IMPROVE YOUR TRAVEL PORTRAITS-PART 1
Article and images by Tania Chatterjee
Pick a digital camera, point it towards your friend or family member and click! Instant result makes portrait fun. But travel portraits are special as it needs to describe the specialty of the subject within itself or along with its surrounding. Moreover you are taking someone’s image, who is not known to you.It takes lot of patience, regular practice, technical knowledge and skills to connect with the subject and the environment to create a good image. In this article we will learn about some tips of travel portrait photography.
I usually take two types of travel portraits:
- CLOSE-UP portrait, where only subject’s face, expression or some unique feature on face is emphasized.
- ENVIRONMENTAL PORTRAIT, where subject along with the location get importance.
Let’s find out more about environmental portrait in this article.
WHAT IS ENVIRONMENTAL PORTRAITS:
Environmental portrait is nothing to do with environmentalist images. It portrays a person or a group in harmony with their surroundings; it helps the viewer to develop an idea about them. It is like telling a story of the subject and his/her environment, life, culture, food, housing, livelihood, nature etc. In short, tie up the subject and his/her location in a meaningful way. Environmental portrait can be taken with subject’s permission or it can be candid as well.
HOW TO TAKE GOOD ENVIRONMENTAL PORTRAITS?
#1 RESEARCH ON PEOPLE AND PLACE
It’s always good to know about the people and place you are photographing. Before visiting the place, it is suggested to do some internet research on the type of images you intend to capture. Before my Myanmar trip, the people and their culture fascinated me. I had spent hours on researching the subject and their surrounding before the visit. This is minimum background work which should be followed.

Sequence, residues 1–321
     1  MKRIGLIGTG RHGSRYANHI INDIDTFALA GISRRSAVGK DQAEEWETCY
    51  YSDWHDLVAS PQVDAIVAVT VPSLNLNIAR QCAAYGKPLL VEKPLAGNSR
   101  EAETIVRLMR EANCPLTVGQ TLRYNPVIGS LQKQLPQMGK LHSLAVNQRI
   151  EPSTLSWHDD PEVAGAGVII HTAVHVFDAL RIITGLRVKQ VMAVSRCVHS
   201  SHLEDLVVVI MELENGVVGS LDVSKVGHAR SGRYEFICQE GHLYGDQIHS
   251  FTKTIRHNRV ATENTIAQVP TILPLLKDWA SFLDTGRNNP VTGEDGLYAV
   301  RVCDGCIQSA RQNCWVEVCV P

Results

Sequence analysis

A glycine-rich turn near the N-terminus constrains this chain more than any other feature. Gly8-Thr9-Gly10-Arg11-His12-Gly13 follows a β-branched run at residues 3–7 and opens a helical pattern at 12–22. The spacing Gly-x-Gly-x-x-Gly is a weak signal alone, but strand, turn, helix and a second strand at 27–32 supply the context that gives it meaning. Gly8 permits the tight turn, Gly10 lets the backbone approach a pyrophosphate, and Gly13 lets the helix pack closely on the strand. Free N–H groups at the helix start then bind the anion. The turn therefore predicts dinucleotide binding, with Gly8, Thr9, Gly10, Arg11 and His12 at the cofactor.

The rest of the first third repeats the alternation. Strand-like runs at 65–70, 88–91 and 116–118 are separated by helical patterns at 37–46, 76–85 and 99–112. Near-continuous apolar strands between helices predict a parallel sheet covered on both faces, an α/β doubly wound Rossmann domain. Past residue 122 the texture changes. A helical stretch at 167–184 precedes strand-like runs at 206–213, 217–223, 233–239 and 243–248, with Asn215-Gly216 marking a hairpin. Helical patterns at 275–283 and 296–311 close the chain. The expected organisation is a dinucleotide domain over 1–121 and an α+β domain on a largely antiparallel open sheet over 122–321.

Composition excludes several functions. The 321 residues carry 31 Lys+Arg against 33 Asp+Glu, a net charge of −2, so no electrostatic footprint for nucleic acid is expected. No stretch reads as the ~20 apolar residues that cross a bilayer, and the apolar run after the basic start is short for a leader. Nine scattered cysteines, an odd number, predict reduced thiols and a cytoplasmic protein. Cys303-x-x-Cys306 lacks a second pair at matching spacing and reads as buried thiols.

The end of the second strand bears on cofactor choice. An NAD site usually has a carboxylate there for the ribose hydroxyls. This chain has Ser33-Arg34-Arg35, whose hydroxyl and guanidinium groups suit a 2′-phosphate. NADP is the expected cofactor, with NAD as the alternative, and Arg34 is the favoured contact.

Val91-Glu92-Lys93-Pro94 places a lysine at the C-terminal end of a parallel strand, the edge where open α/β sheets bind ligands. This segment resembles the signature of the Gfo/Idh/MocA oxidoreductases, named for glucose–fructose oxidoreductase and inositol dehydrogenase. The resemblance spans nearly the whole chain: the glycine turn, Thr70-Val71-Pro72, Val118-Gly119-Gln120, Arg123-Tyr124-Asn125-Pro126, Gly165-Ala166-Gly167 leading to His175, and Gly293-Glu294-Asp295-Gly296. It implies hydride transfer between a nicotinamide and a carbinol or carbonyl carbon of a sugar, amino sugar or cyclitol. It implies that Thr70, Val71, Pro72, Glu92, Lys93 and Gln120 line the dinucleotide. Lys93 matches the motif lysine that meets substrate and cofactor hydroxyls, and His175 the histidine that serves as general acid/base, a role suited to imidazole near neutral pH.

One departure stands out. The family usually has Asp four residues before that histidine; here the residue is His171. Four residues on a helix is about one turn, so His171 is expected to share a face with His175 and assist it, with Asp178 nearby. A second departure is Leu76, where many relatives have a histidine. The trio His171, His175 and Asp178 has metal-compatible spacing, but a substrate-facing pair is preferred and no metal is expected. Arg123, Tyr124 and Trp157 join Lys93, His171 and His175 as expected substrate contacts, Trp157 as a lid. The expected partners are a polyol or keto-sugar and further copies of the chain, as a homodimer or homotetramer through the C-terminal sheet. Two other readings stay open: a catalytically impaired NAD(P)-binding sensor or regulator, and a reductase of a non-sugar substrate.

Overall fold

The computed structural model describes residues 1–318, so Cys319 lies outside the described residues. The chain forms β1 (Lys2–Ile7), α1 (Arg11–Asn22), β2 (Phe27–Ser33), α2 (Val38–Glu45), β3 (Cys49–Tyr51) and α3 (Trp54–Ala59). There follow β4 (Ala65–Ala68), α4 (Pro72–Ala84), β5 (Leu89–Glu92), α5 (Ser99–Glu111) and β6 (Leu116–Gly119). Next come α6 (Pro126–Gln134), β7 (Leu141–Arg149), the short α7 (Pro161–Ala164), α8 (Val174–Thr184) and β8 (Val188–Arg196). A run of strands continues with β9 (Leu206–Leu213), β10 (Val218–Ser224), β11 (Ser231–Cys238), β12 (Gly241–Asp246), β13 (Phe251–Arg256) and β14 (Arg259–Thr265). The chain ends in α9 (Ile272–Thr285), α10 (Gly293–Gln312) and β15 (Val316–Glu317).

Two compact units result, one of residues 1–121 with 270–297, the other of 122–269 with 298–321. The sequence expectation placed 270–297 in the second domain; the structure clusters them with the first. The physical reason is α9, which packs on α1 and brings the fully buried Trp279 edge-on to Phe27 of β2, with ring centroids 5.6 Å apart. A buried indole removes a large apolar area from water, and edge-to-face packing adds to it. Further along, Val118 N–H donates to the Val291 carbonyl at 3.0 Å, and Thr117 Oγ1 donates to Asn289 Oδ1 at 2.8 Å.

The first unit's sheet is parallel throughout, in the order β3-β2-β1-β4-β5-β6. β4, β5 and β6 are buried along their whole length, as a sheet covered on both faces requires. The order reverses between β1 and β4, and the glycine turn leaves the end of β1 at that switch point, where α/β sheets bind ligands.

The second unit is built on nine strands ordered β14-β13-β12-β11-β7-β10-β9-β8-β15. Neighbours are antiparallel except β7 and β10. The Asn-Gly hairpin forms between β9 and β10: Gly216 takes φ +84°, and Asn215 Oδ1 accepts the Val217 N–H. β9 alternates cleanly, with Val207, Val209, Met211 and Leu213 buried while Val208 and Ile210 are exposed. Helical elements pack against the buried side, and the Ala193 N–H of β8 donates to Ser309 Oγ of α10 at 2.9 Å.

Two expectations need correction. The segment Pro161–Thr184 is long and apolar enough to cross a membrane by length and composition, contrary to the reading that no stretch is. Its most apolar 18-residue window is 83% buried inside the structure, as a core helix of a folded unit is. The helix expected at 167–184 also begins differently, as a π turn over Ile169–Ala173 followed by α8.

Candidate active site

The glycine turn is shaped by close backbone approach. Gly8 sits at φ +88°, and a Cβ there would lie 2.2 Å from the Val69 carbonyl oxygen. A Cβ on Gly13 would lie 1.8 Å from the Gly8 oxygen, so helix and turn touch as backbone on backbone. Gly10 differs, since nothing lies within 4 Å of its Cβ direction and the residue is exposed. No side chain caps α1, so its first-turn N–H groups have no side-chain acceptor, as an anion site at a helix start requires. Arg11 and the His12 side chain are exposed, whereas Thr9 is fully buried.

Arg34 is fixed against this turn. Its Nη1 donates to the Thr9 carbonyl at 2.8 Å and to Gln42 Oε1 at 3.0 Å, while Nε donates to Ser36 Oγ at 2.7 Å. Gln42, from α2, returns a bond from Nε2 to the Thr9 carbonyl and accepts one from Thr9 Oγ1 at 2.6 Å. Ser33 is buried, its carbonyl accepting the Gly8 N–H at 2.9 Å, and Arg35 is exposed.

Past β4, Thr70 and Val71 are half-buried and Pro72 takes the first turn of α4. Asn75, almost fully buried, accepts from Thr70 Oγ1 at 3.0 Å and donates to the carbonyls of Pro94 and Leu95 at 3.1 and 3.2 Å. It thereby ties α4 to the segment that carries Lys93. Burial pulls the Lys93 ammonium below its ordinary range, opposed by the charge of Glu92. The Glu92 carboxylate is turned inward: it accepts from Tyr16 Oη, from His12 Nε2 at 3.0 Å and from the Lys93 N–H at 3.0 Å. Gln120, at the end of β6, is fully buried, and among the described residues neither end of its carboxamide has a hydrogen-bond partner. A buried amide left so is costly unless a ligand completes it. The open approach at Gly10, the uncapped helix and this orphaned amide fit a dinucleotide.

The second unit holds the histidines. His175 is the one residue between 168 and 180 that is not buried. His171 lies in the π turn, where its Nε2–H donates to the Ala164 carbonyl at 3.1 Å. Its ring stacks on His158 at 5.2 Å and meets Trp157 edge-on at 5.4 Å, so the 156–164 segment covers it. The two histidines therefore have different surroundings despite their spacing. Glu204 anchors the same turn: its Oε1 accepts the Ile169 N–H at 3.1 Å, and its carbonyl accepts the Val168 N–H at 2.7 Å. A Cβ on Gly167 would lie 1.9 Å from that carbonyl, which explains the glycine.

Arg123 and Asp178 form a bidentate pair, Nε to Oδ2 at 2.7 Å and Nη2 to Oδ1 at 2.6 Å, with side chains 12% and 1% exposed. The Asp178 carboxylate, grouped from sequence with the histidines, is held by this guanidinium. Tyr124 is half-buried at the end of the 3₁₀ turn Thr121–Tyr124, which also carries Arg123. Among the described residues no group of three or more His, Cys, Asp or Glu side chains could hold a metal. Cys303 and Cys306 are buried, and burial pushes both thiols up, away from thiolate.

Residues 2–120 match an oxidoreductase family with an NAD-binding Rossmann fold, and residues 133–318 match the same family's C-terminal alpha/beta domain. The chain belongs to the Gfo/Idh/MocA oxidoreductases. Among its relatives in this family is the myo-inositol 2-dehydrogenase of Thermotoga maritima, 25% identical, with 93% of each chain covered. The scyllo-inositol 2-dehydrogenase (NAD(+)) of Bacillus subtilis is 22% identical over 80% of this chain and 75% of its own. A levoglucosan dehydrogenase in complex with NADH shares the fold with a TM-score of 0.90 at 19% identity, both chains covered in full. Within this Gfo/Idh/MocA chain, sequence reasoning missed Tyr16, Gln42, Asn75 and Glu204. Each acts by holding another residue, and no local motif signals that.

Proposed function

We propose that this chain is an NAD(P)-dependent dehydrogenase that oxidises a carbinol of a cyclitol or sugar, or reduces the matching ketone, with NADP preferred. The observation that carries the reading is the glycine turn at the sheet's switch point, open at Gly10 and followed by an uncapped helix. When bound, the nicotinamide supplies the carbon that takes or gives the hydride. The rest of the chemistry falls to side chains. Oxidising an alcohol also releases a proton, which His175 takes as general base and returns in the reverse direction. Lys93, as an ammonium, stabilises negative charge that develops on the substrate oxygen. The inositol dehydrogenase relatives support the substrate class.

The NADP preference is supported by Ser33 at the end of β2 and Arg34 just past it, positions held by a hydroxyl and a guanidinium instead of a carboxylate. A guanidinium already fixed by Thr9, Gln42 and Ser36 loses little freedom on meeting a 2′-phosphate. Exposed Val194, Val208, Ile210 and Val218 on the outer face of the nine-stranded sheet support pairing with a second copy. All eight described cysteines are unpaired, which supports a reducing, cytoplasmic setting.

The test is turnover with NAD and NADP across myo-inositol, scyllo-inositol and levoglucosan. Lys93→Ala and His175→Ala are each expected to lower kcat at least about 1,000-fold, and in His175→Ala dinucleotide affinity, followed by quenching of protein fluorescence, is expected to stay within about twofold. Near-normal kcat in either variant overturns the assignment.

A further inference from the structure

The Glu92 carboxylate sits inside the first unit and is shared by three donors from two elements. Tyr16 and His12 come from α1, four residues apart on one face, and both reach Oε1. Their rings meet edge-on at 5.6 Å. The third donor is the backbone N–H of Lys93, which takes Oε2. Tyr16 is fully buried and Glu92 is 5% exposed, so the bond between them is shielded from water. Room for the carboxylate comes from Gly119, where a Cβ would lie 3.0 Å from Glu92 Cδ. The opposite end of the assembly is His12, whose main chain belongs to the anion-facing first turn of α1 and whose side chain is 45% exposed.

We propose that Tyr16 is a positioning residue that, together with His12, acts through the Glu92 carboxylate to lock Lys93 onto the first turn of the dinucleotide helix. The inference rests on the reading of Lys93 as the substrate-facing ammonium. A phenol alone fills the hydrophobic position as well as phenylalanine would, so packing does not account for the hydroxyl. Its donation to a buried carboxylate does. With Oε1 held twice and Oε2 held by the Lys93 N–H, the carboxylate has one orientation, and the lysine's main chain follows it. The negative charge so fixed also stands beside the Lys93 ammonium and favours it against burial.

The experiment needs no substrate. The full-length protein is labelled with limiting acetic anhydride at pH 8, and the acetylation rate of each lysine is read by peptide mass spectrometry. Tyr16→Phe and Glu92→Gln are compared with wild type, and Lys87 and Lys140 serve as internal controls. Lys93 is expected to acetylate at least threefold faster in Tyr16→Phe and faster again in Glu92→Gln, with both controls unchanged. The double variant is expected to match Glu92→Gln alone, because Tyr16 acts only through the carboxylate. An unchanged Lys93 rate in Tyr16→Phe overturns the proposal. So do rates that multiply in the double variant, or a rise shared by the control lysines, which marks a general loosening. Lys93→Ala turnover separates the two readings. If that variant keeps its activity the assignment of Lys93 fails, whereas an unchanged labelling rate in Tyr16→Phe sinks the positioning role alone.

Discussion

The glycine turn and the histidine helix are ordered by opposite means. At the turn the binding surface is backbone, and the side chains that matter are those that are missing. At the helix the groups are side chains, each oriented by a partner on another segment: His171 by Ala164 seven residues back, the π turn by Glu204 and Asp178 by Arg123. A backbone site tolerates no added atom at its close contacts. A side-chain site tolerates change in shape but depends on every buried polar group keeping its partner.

#2 CONNECT YOURSELF WITH LOCAL PEOPLE
This is an essential skill for people photography. Connecting yourself with people give more dynamic expression to the portrait. Interacting with stranger is a challenging task, yet it is a rewarding experience. To get good environmental portrait you must leave your comfort zone and mingle with the local people. More you travel, more you interact with strangers, more you will learn this skill.
#3 POSING OR CANDID
I usually prefer both, asking for a pose or candid, completely depending on the situation. Ask for permission and once you reach the comfortable zone with your subject, don’t feel shy to give direction to your subject to get the best image and expression that suits the environment or situation. For example, you can ask where to sit or stand, for a smile etc. Click a few shots to get a natural looking image that fit into the situation. If permission is not given by the subject, that means subject is not comfortable with camera. In that case respect their wish and politely move on.
Candid portrait is one where the subject is unaware that a photo is taken. The whole idea of taking candid environmental portraits is to capture action and emotion.
#4 FILL THE FRAME WITH SUPPORTING ELEMENTS
This is essential for environmental portraits. Fill the frame with supporting elements that support the main subject and complete a story. Adding elements in a frame is the main difference between simple portrait and environmental portrait. Add some elements in your frame that make your story better and stronger. The supporting elements can be a worker’s tools, a vendor merchandise, friends and family, home ambiance, on-going event etc. The key components of taking successful environmental portraits are decisions of location, managing natural light and handling the expression of the subject.
#5 CAMERA SETTINGS
There is no particular setting to shoot environmental portraits. It totally depends on the balance between the main subject and other supporting elements. Moreover, it is preferable to use natural light condition for environmental portraits.
If you want to keep both foreground and background full on focus, keep larger number of f stop like f/8 and above. If the focus is on the subject and the background is blur, keep f stops between f/2.8 to f 4.
Medium zoom lens is best choice for environmental portraits. My personal preference is NIKON D750 with 24–70mm lens. The ISO settings depends on the light condition.
Hope this article will help you to improve your travel images. In my next tutorial I will discuss on CLOSE-UP portraits ….